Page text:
Current Heart Failure Reports (Curr Heart Fail Rep )

Publisher: Springer Verlag

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Website Current Heart Failure Reports website
Other titles Current heart failure reports (Online), Current heart failure reports
ISSN 1546-9549
OCLC 53129493
Material type Document, Periodical, Internet resource
Document type Internet Resource, Computer File, Journal / Magazine / Newspaper

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Springer Verlag

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Publications in this journal

  • [Show abstract] [Hide abstract]
    ABSTRACT: Today, innate immunity is recognized as an important pathophysiologic factor and therapeutic target for cardiac remodeling after myocardial infarction (MI). The innate immune system exerts its function via soluble and cellular components. Recently, function and kinetics of immune cells after MI have been clarified using new innovative technology. Therefore, herein, we will discuss the function of neutrophils, monocytes, and macrophages in the pathophysiology of cardiac remodeling after MI in basic as well as clinical science.
    Current Heart Failure Reports 02/2015;
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    ABSTRACT: The place of invasive hemodynamic monitoring in patients with acute heart failure is still debated, even though frequently used. Invasive techniques, which include the pulmonary artery catheter and transpulmonary thermodilution, provide important information on cardiac output and intravascular pressures or volume. These techniques should be used in combination with echocardiography and allow nurse-driven semicontinuous hemodynamic monitoring. These techniques are useful not only in the diagnosis of circulatory or respiratory failure but also for the evaluation of the effects of therapies. Admittedly, large-scale randomized trials failed to demonstrate a survival benefit with the pulmonary artery catheter (and were even not yet performed with transpulmonary thermodilution). However, these trials may be subjected to selection bias, as patients from recruiting centers not included in the trial but receiving the pulmonary artery catheter were more severe and had higher mortality rates than patient included in the trial. Hence, invasive techniques may still have a place in selected patients with acute circulatory failure and especially in the most severe cases.
    Current Heart Failure Reports 02/2015;
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    ABSTRACT: Patient-reported outcomes (PROs) are any report obtained directly from a patient about how they feel or function in relation to their health condition and its therapies. Strong support for PROs exists at multiple levels of the health-care community from regulatory boards to clinical researchers. PROs are particularly important in heart failure because it is a common chronic illness marked with acute exacerbations, often requiring hospitalization, and significant symptom burden. Use of PROs to understand patient perspectives will help providers deliver more patient-centered care, and thus improve the quality of care. This review provides a contemporary overview of the current state of PROs in heart failure and suggests future directions and opportunities to advance PRO use to provide more comprehensive care. Advancing PRO measurement along with incorporating longitudinal measures in national databases and local electronic health records will serve to improve patient-centered care for patients with heart failure.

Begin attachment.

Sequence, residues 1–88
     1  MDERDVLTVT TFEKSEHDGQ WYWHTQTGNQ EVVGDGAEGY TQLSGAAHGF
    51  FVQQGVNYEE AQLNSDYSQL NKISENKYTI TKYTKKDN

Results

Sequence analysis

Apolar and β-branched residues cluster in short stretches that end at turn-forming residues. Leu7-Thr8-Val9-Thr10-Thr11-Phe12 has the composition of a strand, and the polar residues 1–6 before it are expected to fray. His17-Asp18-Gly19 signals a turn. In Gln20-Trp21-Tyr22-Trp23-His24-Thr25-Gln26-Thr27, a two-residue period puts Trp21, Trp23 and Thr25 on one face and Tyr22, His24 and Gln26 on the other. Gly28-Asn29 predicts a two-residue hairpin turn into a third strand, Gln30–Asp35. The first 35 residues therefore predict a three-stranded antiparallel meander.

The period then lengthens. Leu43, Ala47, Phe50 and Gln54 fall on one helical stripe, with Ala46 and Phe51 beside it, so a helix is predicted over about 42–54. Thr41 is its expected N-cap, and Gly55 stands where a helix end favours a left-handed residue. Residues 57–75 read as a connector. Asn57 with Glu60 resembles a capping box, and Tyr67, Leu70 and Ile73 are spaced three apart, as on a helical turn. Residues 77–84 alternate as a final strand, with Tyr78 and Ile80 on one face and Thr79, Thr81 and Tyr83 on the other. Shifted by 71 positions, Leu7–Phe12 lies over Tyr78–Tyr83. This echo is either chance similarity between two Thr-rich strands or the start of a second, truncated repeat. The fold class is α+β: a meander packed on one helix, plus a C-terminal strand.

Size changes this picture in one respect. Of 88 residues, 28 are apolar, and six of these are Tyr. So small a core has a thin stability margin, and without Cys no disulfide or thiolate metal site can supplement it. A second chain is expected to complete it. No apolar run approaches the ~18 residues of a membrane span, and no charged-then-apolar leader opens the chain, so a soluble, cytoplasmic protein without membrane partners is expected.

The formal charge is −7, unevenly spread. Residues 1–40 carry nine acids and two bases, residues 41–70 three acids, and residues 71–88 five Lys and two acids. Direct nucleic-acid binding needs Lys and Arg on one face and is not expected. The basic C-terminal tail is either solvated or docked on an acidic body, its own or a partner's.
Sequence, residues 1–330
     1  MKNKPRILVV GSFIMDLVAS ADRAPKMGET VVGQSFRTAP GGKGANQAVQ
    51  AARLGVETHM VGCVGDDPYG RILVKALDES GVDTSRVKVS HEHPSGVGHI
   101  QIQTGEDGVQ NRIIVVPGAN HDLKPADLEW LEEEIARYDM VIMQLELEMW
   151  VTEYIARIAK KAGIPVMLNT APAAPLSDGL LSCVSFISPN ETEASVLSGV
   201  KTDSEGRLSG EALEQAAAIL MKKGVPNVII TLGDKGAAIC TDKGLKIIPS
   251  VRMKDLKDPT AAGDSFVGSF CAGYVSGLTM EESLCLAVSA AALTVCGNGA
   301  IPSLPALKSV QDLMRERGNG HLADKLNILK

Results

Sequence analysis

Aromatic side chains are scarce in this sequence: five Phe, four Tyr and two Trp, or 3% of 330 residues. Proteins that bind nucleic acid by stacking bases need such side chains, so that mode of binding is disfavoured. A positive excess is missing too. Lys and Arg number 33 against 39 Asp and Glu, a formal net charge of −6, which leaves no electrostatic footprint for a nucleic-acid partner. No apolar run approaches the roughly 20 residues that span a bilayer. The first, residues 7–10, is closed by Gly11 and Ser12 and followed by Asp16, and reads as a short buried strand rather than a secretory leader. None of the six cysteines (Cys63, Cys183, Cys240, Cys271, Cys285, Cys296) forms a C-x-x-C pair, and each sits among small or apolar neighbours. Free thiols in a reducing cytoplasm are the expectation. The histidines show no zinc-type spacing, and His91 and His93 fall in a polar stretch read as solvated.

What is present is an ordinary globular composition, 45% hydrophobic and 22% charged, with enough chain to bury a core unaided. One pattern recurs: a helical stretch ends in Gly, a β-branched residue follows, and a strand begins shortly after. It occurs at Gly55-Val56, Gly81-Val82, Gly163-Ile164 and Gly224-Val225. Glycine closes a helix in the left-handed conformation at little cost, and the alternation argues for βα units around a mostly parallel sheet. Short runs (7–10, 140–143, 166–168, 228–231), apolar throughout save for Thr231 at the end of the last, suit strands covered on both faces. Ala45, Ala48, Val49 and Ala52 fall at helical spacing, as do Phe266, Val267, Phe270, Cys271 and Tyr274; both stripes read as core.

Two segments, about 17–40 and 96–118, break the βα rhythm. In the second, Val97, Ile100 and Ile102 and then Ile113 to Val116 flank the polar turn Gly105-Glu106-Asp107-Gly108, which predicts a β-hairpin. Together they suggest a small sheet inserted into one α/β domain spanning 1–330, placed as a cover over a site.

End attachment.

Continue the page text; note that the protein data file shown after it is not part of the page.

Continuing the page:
Current Heart Failure Reports 02/2015;
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    ABSTRACT: Heart failure (HF) is increasing in incidence globally, and approximately half of all HF patients are women. When women and men with HF are compared, there are significant differences in disease etiology, expression, outcomes, and perhaps, response to therapy. Hypertension rather than coronary artery disease is a more important etiology of HF in women, and HF with preserved left ventricular ejection fraction (HFPEF) is more common in women. Regardless of its etiology, women have better survival and less sudden cardiac death, but poorer quality of life with equivalent degrees of left ventricular dysfunction. Animal studies of myocardial response to stressors resulting in heart failure corroborate sex differences in ventricular remodeling, cellular morphology, and function. Despite the fact that women make up nearly 50 % of HF patients, their inclusion in randomized clinical trials has remained at about 20 %, with no trials including women as a prespecified subgroup for statistical analysis. Thus, the evidence base for treatment of HF in women is not robustly supported by sex-specific data.
    Current Heart Failure Reports 01/2015;
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    ABSTRACT: Significant improvements in the morbidity and mortality associated with chronic heart failure have been gained with the use ACE inhibitors, angiotensin receptor blockers, mineralocorticoid receptor antagonists, and diuretics. However, the use of these agents is often limited by their propensity to precipitate worsening renal function and hyperkalemia, particularly in patients with chronic kidney disease. Several pharmacologic agents have been developed in recent years that utilize the gastrointestinal tract as an alternate route for drug absorption, electrolyte exchange, and drug and electrolyte elimination. The existing data establishing the safety and efficacy of these novel agents will be the focus of this review.